Discussing the deluxe album re-release with a clutch of rare early demos, the band stated: “This album rocks. Period. People really started taking notice when we self-released it back in the day, which is great because we had put our souls into writing, recording and getting the word out. 

It was a completely DIY effort, and that’s a big part of who we are, coming from the underground punk/hardcore/metal scene, where if you wanted something done, you did it! And to make this re-issue even better, we added the best songs from the demo that became our first album “The Invitation,” which was as DIY as it gets, recording in our rehearsal space with borrowed mics but still sounding great! 

We are stoked that Ripple wanted to get this music out to a larger audience. Its time to shine is now.”

The retro riffs in the song bring back that classic feel but with a modern touch. Pete Sattari’s vocals resonate as he simply sings “yeah” getting you amped for the song to kick it up a gear. 

Mark Aceves’ bass lines are smooth and sultry bringing everything together for one kick ass track of stoner groove and retro rock n roll. This track is just the tip of the iceberg for Zed, make sure to pick up the reissue of ‘Desperation Blues Deluxe’ on January 18th via Ripple Music.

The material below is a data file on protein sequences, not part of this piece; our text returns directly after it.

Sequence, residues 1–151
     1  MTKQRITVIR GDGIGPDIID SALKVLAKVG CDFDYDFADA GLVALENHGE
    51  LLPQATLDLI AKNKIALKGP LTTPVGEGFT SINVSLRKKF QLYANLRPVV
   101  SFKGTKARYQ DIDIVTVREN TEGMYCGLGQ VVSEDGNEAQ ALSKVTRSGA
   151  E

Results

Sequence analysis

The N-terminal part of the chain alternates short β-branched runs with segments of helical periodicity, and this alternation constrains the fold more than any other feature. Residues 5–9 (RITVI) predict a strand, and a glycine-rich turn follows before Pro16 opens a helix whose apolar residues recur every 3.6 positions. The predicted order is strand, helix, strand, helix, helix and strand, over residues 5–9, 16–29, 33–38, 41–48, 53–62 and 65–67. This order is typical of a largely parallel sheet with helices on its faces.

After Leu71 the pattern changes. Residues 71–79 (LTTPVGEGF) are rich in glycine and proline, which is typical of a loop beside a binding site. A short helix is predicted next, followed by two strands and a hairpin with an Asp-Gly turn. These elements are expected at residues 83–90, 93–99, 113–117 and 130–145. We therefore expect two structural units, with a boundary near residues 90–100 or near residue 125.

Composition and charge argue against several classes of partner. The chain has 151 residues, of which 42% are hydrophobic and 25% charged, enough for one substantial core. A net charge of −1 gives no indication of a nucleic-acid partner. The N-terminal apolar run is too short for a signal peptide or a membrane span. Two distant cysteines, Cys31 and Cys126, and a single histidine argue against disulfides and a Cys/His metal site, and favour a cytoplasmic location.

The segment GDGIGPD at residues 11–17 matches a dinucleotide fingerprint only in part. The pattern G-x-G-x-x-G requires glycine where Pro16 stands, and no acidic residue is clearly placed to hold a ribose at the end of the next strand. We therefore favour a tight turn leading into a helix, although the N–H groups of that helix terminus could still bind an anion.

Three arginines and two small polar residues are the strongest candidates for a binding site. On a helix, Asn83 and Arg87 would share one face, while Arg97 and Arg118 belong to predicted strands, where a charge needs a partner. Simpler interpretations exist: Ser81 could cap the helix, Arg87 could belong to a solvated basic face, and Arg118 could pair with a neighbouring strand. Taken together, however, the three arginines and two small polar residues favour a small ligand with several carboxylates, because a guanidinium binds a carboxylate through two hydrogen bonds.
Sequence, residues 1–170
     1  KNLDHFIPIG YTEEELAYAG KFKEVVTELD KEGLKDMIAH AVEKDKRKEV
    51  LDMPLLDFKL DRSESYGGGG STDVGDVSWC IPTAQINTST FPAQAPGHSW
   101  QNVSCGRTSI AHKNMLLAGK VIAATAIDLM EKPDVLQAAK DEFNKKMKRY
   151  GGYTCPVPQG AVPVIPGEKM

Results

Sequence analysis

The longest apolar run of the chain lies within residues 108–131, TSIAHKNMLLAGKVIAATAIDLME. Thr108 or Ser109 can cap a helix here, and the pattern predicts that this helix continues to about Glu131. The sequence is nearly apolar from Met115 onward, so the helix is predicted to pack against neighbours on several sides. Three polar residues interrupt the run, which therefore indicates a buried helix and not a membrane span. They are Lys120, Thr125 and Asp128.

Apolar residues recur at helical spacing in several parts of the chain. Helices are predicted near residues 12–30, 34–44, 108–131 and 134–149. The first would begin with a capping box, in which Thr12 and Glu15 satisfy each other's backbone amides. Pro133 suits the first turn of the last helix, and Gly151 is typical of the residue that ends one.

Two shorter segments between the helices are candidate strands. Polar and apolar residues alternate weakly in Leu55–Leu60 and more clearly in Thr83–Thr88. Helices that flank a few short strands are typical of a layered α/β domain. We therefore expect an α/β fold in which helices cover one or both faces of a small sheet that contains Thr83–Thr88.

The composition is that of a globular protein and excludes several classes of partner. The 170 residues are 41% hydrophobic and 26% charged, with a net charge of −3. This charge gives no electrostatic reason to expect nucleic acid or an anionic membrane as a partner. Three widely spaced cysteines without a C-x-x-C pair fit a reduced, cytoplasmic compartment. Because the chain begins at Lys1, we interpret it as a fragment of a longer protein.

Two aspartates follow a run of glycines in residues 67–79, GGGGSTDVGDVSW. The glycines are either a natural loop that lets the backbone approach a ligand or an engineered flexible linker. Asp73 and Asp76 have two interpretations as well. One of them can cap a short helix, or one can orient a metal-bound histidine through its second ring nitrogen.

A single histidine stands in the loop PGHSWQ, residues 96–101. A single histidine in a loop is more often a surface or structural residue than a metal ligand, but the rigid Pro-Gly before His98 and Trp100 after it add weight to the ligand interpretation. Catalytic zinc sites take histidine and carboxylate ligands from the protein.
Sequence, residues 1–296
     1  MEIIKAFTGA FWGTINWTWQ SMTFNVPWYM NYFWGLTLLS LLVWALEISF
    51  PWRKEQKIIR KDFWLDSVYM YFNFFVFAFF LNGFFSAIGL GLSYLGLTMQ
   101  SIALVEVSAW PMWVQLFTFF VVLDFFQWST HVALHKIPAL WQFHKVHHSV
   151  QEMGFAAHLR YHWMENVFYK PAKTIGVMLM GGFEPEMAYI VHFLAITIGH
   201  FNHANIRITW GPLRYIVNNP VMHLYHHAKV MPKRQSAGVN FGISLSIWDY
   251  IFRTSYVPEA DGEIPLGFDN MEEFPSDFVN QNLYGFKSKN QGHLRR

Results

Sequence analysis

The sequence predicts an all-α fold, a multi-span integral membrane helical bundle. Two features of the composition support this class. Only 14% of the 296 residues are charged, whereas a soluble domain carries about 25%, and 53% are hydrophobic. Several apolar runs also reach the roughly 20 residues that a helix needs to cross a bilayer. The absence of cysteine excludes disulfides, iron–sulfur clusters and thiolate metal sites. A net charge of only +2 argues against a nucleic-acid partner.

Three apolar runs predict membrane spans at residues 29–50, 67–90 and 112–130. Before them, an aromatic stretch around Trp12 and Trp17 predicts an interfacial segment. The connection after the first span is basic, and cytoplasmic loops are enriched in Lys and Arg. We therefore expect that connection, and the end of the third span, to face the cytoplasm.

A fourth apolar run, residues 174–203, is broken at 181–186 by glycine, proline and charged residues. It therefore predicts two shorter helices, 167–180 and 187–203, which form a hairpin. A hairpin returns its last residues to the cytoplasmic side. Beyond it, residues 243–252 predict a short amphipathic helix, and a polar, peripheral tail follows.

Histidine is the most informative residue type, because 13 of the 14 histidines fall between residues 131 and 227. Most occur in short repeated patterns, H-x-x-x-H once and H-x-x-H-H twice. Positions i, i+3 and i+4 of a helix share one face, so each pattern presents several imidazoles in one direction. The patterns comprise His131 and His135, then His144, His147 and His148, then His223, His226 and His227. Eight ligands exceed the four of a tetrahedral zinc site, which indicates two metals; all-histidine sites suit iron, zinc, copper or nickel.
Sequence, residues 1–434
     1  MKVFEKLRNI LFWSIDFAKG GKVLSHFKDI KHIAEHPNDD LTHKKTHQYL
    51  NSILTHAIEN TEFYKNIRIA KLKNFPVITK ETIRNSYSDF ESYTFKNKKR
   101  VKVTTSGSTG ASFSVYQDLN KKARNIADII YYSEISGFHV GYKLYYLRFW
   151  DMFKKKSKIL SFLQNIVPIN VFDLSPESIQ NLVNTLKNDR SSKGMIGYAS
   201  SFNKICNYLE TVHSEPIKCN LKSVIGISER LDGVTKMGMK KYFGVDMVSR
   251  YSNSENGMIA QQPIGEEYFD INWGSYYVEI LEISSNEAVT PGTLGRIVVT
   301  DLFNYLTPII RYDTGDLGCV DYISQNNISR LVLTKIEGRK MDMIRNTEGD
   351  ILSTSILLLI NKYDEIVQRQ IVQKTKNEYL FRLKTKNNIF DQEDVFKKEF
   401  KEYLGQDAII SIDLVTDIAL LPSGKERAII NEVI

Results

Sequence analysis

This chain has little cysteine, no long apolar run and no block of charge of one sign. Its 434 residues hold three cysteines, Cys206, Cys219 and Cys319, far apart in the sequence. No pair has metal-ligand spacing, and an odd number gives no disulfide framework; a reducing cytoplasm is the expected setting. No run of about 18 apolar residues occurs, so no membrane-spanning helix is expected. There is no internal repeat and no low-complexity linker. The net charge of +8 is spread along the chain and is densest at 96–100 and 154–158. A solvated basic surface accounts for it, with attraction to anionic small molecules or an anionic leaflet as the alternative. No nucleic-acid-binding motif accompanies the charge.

Zed is:
Pete Sattari- Guitar,Vox
 Sean Boyles – Drums
 Greg Lopez – Guitar
 Mark Aceves – Bass

01. Please 04:19
02. Skin + Bones 05:22
03. Killing Machine 04:10
04. Desperation Blues 03:58
05. Crawl Back to You 03:56
06. More 04:32
07. Rain 06:46
08. The Empty Quarter - Settle The Score 05:58
09. The River 07:15

Tracks from their "Invitation" EP
10. Leave Me Alone - Bonus Track 04:38
11. Lunatics and Liars - Bonus Track 04:23
12. HALO - Bonus Track 03:57
13. A Drug - Bonus Track 03:49
14. How Long - Bonus Track 04:14
15. Somebody - Bonus Track 03:50
16. The River - Bonus Track 06:59

1. Zed
2. Zed
3. Zed

Sunday, 3 February 2019

Tamam Shud - Evolution (Aussie Psychedelic Rock 1969 + Bonus)

Size: 174 MB
Bitrate: 256
Ripped by: ChrisGoesRock
Artwork Included
Source: Japan 24-Bit Remaster

In the late '60s, director Paul Witzig traveled the globe, 16mm camera in tow, shooting silent footage of some of Australia's top surfers on the shores of North Africa, Puerto Rico, France and Portugal, as well as in locations all over their homeland. The end result was Evolution, and though the IMDb doesn't list any Witzig works outside of being a camera operator on Bruce Brown's classic surf documentary The Endless Summer, enthusiasts of the sport tell a remarkably different tale.